Message from The Chancellor
Fr. Tsutomu Sakuma, S.J.
The Sophia Spirit for a Globally Respected University Pursuing its Unique Role
The global COVID-19 pandemic is compelling changes in university education. Sophia University has found the consequent restrictions placed on physical overseas exchanges especially hard as a university that promotes globalization. Nevertheless, not only have we provided support to our international students in Japan but we have also offered assistance overseas principally through our local offices. Having set up a business company to further invigorate its educational functions, our ASEAN Hub Center in Bangkok in particular has worked hard to keep educational programs running by shifting to full online classes last year.
The biggest change brought about by the COVID-19 pandemic has been the rapid incorporation of online activities at universities around the world. For example, this has made it possible to conduct unprecedented research exchanges by inviting professors doing cutting-edge research at overseas universities to give remote lectures. Sophia University is working to systematically facilitate such opportunities.
In some respects, the global COVID-19 pandemic has leveled the functions universities around the world can offer. As a result, universities will become more conscious of their own unique roles, and the value that those roles offer the world will be scrutinized. As part of Sophia University’s Grand Layout 2.0, we advocate ourselves as a world-class university. Going forward, Sophia will be even more clearly and strongly aware of our role in the world and strive to provide the value the world expects of us as a university.
While we are committed to promoting global learning, with all the new challenges that will entail, the one thing that we will never change is Sophia’s educational spirit, Men and Women for Others, with Others, which embodies internationalism and neighborliness. In a message delivered during a visit to our University two years ago, Pope Francis said of our students, “May they . . . show themselves resolute defenders of the vulnerable.” In relation to the United Nations Sustainable Development Goals (SDGs), he also said that we should not be driven only by a desire to solve environmental problems, but also to invoke the Christian humanistic spirit to never abandon anyone. In other words, he urged us to build a world in which everyone is respected equally. In this manner, I believe Sophia’s spirit harbors very important meaning in these difficult times.
Environmental initiatives are one of the distinctive pillars of a Sophia spirit-driven education. We conduct a special cross-faculty educational program designed to help achieve a sustainable future. The problem of educational disparity is another important pillar in reference to the SDGs. Looking out on the world, we intend to invigorate human and academic exchange through our connections with local Catholic universities in Africa, which is currently experiencing multiple challenges as its population increases.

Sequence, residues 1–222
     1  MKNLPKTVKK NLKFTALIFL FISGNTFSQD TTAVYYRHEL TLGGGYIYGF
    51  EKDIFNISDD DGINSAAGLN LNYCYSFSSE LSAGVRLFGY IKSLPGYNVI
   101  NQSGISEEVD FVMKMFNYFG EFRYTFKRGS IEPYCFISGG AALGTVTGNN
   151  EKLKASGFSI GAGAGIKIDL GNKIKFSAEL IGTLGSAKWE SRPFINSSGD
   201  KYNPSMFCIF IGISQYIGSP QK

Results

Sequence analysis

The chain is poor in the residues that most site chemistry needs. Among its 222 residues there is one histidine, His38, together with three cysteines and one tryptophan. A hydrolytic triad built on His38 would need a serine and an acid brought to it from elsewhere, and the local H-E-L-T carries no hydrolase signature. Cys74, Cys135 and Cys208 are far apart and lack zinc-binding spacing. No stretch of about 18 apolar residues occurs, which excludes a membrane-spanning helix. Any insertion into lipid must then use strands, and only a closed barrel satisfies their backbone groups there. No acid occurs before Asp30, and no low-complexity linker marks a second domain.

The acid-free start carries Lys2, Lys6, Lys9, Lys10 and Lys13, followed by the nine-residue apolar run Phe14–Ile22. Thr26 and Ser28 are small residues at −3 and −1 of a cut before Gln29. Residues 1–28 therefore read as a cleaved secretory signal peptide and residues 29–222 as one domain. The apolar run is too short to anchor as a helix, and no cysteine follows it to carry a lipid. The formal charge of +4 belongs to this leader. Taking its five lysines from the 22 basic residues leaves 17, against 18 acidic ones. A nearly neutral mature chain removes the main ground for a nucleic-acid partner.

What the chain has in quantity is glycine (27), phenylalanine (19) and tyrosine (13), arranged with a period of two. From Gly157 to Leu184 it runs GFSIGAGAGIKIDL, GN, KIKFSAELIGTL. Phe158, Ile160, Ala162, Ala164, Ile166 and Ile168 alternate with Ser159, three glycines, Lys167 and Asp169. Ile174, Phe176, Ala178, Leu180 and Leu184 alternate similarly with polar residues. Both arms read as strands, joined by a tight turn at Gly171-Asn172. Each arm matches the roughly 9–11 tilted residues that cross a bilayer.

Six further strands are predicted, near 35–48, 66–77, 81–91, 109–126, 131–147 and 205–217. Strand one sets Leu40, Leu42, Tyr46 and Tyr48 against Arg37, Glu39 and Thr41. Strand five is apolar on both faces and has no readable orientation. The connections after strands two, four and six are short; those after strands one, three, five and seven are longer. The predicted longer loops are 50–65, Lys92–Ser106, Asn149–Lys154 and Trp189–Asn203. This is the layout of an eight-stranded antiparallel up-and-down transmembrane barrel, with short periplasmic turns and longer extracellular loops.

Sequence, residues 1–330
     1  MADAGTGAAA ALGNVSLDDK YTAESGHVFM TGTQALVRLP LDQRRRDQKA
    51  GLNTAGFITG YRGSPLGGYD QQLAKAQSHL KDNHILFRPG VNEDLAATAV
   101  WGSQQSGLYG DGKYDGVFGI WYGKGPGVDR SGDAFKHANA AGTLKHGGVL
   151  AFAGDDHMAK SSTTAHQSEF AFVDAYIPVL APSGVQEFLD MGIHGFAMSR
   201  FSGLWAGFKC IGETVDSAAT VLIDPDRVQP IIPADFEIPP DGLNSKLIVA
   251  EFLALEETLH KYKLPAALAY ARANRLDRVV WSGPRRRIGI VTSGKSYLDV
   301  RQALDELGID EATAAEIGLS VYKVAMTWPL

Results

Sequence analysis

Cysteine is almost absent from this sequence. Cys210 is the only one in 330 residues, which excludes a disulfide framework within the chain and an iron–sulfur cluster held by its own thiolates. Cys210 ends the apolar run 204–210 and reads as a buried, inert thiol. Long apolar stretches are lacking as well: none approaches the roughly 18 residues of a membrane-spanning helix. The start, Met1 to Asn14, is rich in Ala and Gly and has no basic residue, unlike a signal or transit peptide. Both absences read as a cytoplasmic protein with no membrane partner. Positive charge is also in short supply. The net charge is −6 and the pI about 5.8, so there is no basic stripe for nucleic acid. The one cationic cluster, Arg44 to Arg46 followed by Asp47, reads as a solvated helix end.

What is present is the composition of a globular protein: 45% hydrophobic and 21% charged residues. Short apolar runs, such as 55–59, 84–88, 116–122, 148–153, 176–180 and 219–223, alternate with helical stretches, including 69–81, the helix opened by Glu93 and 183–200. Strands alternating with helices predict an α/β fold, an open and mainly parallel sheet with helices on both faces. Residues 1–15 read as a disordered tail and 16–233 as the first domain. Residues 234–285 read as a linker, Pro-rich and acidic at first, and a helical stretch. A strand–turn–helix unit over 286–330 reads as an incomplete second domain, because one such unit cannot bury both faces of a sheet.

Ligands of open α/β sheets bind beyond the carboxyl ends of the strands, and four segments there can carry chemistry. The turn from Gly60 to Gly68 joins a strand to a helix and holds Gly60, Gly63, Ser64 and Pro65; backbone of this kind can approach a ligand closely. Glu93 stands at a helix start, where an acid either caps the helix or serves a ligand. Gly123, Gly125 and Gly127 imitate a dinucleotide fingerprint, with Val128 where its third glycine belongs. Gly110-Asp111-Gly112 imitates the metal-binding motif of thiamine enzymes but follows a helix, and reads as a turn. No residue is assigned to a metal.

The world faces countless issues that must be solved and universities are being asked how they intend to help address these issues. Sophia University supports a form of learning that provides students with various opportunities to experience the realities of our world, to see the world as it really is, consider what they see with a gentle heart, and to build their own ideas based on that experience. We will provide you with as many beneficial study opportunities as possible even during these difficult times and we hope you will dedicate yourself to learning that is open to the world.
Chancellor of Sophia School Corporation
Professor, Faculty of Theology
Fr. Tsutomu Sakuma, S.J.
Fr. Sakuma earned a bachelor’s degree from Kyoto University, Kyoto in 1975. In 1980, he earned master’s degree in Philosophy from Sophia University. He also received Diplom Theologie Philosophisch-Theologische Hochschule Sankt Georgen, Frankfurt am Main in 1984 and Licentia in re Biblica Pontificio Istituto Biblico, Roma in 1988. He received a doctorate in Theology Pontifical Gregorian University, Roma in 1995.
He became an associate professor of Faculty of Theology in 1997 and was promoted to full professor in 2001. From 2011 to June 2014, he served as the President of Seibo College. He also served as the Director of Sophia School of Social Welfare from 2011 to March 2012. From October 2016 to March 2018, he served as the Trustee for General Affairs.